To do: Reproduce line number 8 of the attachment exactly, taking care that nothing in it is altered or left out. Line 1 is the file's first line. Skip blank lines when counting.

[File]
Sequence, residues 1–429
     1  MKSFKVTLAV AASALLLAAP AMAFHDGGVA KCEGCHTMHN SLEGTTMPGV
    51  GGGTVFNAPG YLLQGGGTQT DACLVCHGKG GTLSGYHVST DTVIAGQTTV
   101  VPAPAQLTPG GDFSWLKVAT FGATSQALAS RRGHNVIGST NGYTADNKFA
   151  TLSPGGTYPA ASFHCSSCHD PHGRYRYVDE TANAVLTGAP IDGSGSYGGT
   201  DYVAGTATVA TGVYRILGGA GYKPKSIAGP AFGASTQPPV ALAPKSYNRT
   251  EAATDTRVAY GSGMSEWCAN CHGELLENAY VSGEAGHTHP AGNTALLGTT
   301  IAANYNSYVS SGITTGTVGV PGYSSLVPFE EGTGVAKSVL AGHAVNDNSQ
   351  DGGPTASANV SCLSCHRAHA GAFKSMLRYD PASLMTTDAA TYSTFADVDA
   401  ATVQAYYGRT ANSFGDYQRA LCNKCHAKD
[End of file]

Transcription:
   301  IAANYNSYVS SGITTGTVGV PGYSSLVPFE EGTGVAKSVL AGHAVNDNSQ